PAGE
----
The Committee for a Responsible Federal Budget takes great pains not to alienate either of the bipolar political viewpoints lest it seem to be playing favorites.
It's no surprise that they don't always succeed. This CRFB piece focuses on taxes. Since budget balance is their overriding goal, it favors tax increases. If you're a fiscal conservative, don't pout. When CRFB talks expenditures, big spenders squeal.
10. Record low federal revenues as a % of GDP, tax breaks were higher. Federal tax revenues ran just a smidgeon under 15% of GDP in 2010, the same as 2009.
MyGovSpending.com comment: The recession cut revenues, stimulus did, too.. Federal taxes historically have averaged 18% of GDP.
9. The first round of tax reform since Reagan is in gestation. Senators Wyden (D) and Coats (R) are working to simplify the tax code.
MyGovSpending.com comment: Arthur Laffer pointed out today in the Wall Street Journal that compliance adds 30% to the cost of taxes. In one accepts that, the $28,000 all-in taxes that an average family generating $70,000 of cash income is really a tax burden of $36,000. Ouch.
8. The 2010 tax deal gave everyone something and charged it on the national credit card.
MyGovSpending.com comment: The SWAG (slang for promotional freebies) came under the banner of stimulus. Ostensibly, these goodies will be withdrawn at the end of 2012.
7. Estate Taxes disappeared, then re-appeared.
MyGovSpending.com comment: The 2001 tax killed estate taxes. They were brought back at the end of 2010.
6. Value Added Taxes (VAT) get voted down.
MyGovSpending.com comment: VAT are a type of sales tax levied at every level of production through an economy. They are credited with quietly boosting the tax take of governments across the world. In the
the left complains that they do not ding the rich enough, and the right worries VAT revenues will be added to existing revenues. VAT off the table for the moment. US
5. Spending cuts are labeled tax increases.
MyGovSpending.com comment: Here is a lovely example of both semantic infiltration and the distance of
from its citizens. Washington
Fiscal folks have taken to renaming tax deductions and credits as tax expenditures. It applies to mortgage interest deductions, charitable contribution deductions, child tax credit, etc... The idea is that these items are spending through the tax code - that money not collected by politicians is equivalent to money spent. It seems reasonable.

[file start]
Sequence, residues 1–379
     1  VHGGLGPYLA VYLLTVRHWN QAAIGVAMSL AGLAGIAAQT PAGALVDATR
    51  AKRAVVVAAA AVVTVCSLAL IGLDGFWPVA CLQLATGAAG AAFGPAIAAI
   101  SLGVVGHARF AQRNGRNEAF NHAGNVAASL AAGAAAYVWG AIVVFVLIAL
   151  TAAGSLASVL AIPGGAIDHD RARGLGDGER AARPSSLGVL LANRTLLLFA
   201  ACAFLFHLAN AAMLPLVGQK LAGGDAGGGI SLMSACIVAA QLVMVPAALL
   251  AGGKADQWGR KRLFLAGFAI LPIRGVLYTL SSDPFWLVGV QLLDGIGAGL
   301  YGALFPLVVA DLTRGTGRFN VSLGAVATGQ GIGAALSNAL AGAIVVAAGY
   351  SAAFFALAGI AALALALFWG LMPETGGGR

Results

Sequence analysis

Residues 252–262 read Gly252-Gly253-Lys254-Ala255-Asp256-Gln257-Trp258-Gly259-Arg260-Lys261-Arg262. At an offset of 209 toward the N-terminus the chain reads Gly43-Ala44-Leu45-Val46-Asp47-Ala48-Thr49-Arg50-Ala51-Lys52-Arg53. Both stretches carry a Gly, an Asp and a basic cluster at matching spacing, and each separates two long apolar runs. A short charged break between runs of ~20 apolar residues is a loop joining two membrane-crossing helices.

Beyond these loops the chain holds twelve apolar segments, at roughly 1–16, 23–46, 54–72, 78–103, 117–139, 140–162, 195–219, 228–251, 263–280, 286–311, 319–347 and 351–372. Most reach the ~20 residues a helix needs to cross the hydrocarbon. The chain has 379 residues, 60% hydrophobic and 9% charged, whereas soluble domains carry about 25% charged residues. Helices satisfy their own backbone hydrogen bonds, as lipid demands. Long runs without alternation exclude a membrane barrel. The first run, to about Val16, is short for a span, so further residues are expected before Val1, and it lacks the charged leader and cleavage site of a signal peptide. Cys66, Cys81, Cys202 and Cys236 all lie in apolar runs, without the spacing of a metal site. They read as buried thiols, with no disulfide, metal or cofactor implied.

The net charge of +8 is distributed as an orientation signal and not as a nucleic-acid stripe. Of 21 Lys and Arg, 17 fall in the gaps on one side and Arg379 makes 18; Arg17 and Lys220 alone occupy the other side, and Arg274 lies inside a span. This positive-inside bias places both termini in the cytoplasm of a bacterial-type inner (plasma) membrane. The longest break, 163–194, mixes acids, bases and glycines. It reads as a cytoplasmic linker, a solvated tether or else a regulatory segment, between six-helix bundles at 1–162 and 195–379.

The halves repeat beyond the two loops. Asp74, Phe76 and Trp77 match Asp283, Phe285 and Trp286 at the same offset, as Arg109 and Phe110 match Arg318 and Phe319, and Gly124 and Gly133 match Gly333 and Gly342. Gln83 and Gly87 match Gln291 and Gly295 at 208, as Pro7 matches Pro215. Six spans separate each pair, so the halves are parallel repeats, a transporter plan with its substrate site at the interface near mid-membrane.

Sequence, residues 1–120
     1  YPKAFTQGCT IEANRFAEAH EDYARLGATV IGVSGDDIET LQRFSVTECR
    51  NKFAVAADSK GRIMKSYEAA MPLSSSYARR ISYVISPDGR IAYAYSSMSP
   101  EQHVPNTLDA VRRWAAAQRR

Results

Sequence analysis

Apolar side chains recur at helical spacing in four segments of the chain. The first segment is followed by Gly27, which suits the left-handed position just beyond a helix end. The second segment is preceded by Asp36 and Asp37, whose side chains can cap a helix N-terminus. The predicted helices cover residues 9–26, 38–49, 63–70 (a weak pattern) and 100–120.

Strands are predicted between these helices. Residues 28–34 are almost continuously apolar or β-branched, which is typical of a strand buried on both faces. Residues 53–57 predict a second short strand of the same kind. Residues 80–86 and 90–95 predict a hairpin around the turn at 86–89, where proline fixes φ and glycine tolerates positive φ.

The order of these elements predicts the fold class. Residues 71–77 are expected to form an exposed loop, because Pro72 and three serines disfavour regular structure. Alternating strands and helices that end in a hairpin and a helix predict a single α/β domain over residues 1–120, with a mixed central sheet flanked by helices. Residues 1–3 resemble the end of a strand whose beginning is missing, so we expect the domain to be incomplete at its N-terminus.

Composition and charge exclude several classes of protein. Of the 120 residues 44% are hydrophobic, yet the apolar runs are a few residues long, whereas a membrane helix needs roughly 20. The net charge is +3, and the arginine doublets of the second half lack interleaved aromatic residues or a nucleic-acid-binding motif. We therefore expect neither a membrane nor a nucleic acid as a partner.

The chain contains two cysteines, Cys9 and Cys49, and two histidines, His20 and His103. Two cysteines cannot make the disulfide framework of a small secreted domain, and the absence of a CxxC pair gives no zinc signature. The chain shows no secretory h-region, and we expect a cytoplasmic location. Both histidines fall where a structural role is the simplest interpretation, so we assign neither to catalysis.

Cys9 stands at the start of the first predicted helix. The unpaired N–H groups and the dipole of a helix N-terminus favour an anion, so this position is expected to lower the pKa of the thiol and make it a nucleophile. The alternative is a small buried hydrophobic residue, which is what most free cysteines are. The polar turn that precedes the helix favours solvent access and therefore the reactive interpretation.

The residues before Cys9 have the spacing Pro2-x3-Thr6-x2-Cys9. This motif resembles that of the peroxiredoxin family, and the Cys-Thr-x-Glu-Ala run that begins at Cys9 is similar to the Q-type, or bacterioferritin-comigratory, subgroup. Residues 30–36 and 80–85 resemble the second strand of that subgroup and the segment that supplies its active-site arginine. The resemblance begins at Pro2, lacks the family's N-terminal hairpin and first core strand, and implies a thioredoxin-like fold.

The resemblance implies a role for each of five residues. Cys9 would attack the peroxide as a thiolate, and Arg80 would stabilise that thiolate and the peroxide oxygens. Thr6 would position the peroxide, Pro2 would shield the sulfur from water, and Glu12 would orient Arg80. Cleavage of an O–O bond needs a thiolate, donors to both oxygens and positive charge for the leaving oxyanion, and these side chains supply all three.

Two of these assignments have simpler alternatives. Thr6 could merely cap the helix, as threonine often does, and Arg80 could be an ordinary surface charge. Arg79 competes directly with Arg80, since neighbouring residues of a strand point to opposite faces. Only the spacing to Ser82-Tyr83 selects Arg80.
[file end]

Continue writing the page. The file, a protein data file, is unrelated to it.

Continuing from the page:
Or is it. It reflects a power-centric viewpoint, that government has first claim on the money citizens earn. Pushed a bit further, the concept implies that any money people take home from their paycheck after taxes is a tax-expenditure - money the government has not collected. Therefore it is the rightful property of government.
Taxpayers are more likely to think of taxes as the expenditure, not the absence of taxes.
4. Non-Story of the Year. Politicians patch the AMT. MyGovSpending.com comment: The Alternative Minimum Tax is tax code running parallel to the Form 1040. It was originally designed for people who took advantage of too many tax breaks. Now it is snaring many decidedly non-rich taxpayers. Rather than fix it permanently, Congress duct-taped it for another year.
3. CUTGO cuts out the PAYGO.
MyGovSpending.com comment: This is the latest attempt Congress has made to appear to be fiscally prudent while leaving enough loopholes that it can act as it pleases.
2. "Make Work Pay" tax credit expires.
MyGovSpending.com comment: This $400 tax credit was designed to be explicitly stimulative and temporary. It turn out that it actually is temporary.
1. Simpson-Bowles "Zero Plan".
MyGovSpending.com comment: Obama's Fiscal Commissioners Erskin Bowles and Alan Simpson turbo-charged the tax debate by proposed to wipe out all tax breaks - even the best loved - then lowering tax rates. Overall, they targeted a revenue increase with larger spending reductions.
The Bowles-Simpson Commission put radical tax reform on the table for the first time in a generation. A huge step forward. Finally.